Tuesday, November 10, 2009

Knicks Be Flat Early, Jazz Win Late, 95-93

It would be accurate to say this was a last-second loss. Because the contest was decided when Toney Douglas's potentially game-tying shot missed just before time expired. When that errant off-balance chuck failed to find nylon, the Jazz "escaped" the Garden with a 95-93 win, their first triumph in NYC in five years. All of those things are true but it would still be incorrect to assert that this was a close game. It wasn't. For the sixth time in eight games, the Knicks trailed by 20 during the affair. By virtue of a key personnel move and a strategy change by coach Mike D'Antoni, the Knicks were able to make it close down the stretch, even managing to even the score. But this was not a close game. Please don't forget that.

The team came out of the chute playing aggressively and going at the rim. It looked like lessons had been learned. Larry Hughes went to the rim. Then Danilo Gallanari scored from in close. Up next was Wilson Chandler, who then hit a short shot. I mean, the Knicks weren't stopping the Jazz at the other end but at least they were actually making an effort to get good shots on offense. Actually, "effort" is probably the wrong word. It may just have been that in the frenetic first few minutes of the game both teams were both getting up and down at a good clip, yet to lock in to each other on defense and settle into their offensive gameplans. And, once the tip-off adrenaline spike came back down a few minutes later, and a proper hoops game broke out, it was clear that the Knicks were again outmatched.

With Jerry Sloan looking board and angry on the sideline, the Jazz looked a cohesive unit with a cogent strategy: move the ball and wait for the Knicks to either open a direct north-south passing lane into Boozer or miss a rotation on the perimeter and leave one of their several capable shooters open. Of the 11 field goals that Utah netted in the first quarter there were assists on 8 of them. Of the 8 field goals that the Knicks made in the first there were only assists on 2 of them. Both were credited to Larry Hughes.

Perhaps it was the presence of Jazz point guard Deron Williams in the Garden or perhaps it was just the way in which my eyes and brain were pairing to observe and consider what was happening on my television, but Chris Duhon looked particularly awful. In the first quarter he went 2-4 from the line (with bosses miss coming during one trip); committed an offensive foul; turned the ball over twice; missed a three; and presided over a shot-clock violation.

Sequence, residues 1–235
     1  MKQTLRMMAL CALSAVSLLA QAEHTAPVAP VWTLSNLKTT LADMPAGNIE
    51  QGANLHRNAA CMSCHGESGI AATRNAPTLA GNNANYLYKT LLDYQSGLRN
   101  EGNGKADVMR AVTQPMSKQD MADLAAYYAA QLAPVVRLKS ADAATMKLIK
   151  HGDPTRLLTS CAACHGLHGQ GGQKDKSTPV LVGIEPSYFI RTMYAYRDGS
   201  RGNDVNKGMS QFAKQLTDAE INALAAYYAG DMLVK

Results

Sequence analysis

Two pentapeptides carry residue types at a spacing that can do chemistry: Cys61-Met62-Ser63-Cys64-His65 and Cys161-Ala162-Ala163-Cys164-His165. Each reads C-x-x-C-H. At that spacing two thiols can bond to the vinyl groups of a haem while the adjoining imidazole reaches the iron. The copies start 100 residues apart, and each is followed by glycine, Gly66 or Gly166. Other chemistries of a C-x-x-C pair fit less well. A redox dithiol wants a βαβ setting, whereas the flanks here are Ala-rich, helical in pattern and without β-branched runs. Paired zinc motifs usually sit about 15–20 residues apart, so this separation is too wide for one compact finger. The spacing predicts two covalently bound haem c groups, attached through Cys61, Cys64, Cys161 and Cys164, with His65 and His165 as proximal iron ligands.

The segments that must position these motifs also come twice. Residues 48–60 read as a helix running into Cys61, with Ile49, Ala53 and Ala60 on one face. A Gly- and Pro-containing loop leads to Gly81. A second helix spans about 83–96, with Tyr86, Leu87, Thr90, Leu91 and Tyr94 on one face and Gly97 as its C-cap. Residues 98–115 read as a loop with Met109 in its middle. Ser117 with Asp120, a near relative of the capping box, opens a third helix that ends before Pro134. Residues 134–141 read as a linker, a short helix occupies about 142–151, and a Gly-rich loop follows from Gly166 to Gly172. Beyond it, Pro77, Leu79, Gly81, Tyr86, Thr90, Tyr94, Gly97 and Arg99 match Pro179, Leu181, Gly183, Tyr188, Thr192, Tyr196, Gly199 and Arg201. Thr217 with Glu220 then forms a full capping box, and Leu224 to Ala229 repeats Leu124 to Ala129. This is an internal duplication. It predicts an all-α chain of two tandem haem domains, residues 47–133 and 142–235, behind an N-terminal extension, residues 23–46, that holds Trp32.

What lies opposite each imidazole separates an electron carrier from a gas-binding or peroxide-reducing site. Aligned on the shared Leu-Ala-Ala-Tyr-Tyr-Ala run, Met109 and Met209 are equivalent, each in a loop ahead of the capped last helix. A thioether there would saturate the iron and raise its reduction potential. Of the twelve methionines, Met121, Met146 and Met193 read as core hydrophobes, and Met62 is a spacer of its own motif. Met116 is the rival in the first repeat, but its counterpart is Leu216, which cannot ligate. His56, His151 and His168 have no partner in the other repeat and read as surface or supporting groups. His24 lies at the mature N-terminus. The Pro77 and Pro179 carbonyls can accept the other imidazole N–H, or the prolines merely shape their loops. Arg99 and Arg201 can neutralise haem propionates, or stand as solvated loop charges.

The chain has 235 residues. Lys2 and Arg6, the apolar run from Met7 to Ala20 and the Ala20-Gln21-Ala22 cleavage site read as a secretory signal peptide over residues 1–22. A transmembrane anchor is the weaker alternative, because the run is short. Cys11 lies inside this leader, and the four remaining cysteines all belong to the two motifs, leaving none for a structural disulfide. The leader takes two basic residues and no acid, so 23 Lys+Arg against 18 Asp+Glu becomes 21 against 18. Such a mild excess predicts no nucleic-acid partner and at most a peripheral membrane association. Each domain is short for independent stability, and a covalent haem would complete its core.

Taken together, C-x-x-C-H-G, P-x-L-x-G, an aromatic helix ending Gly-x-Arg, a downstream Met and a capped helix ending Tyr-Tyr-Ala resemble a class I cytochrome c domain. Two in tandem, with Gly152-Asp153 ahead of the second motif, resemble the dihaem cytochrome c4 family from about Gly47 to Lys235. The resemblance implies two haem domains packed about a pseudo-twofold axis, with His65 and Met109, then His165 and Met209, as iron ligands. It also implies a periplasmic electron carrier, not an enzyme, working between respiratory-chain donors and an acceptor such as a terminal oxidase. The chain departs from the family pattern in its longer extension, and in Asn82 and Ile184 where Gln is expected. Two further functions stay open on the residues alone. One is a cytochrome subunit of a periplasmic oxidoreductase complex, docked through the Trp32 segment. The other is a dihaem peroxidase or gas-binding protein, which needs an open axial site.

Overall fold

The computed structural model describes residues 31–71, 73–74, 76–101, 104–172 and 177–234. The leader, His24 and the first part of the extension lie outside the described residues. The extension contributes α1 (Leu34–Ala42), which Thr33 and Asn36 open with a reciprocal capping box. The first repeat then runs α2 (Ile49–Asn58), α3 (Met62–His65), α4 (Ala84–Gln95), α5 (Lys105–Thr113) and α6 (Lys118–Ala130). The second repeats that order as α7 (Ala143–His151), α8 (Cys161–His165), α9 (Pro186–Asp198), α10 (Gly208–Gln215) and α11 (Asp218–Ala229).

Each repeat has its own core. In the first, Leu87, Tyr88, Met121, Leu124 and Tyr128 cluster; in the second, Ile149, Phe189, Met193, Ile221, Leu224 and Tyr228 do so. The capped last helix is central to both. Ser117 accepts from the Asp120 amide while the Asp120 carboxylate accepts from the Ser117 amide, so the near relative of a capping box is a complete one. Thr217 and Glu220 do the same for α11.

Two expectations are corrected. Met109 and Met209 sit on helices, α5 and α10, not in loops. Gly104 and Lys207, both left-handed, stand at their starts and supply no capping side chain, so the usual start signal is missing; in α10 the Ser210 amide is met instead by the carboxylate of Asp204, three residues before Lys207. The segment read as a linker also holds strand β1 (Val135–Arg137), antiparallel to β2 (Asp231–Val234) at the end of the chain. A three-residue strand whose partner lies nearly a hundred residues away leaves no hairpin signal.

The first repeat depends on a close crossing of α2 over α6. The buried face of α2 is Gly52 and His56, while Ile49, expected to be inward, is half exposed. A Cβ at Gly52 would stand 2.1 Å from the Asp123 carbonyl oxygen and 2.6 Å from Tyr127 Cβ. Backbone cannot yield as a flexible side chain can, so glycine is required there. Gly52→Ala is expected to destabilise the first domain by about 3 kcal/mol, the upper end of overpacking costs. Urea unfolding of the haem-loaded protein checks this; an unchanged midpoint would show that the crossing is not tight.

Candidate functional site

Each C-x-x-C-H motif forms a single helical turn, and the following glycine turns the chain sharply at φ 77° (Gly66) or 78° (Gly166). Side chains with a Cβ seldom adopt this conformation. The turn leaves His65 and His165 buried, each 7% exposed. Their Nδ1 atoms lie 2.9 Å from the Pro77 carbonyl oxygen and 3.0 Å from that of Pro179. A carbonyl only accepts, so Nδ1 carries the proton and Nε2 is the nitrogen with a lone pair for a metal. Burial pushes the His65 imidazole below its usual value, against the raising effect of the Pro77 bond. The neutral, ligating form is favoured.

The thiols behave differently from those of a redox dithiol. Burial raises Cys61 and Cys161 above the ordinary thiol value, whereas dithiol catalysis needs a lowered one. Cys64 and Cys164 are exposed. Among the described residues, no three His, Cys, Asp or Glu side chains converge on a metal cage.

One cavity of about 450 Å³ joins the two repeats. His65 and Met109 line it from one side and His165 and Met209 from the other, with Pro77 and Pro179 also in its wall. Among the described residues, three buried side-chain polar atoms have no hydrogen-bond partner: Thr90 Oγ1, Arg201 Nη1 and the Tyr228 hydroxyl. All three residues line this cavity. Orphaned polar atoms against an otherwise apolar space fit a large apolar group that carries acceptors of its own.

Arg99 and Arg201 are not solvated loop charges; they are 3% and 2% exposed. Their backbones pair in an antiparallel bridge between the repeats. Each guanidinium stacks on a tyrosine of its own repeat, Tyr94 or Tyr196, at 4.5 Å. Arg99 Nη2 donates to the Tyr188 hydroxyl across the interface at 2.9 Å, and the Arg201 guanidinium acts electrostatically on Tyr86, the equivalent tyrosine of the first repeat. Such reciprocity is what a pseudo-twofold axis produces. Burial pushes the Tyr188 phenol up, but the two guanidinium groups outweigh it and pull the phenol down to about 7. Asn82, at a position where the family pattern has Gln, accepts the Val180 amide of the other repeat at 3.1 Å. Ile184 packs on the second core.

WWOD's Reasons Why Chris Duhon Needed to Be Benched:
1. We don't trust him to defend quality opposing point guards (like Deron Williams, por ejemplo) in our man-to-man sets. Hughes defends top point guards (unless he's on LBJ or some other top-tier 2 or 3, in which case their usually isn't also a top PG) and even Jared Jeffries gets some run alongside the other point in man. We try to hide Duhon on a shooting guard, preferably one who plays off the ball a lot and stays on the perimeter. Long story short: he can't defend his position.

2. We don't always trust him to get the team into its offense. Hughes has been bringing the ball up the floor a fair amount. And when Duhon does have the ball out of the backcourt, he seems to be stuck in slow-motion. He is not running. Nor is he making enough forays into the paint to keep defenses honest and/or to kick out to our shooters on the perimeter. Long story short, he can't affect the tempo of the game and get his teammates easier shots, either by getting them layups in transition or open looks on drive-and-kick plays.

3. He can't shoot. At least not right now. He's shooting 26% from the field this season. Short story short, he can't score on his own, either.

4. All he's got going for him is the pick-and-roll play with David Lee but everyone knows that which is actually making it harder and harder for this team to run it's lone effective set. Long story short: he's actually taking away things from his teammates.

5. Al Harrington is annoyed at him. Long story short: he is not a leader.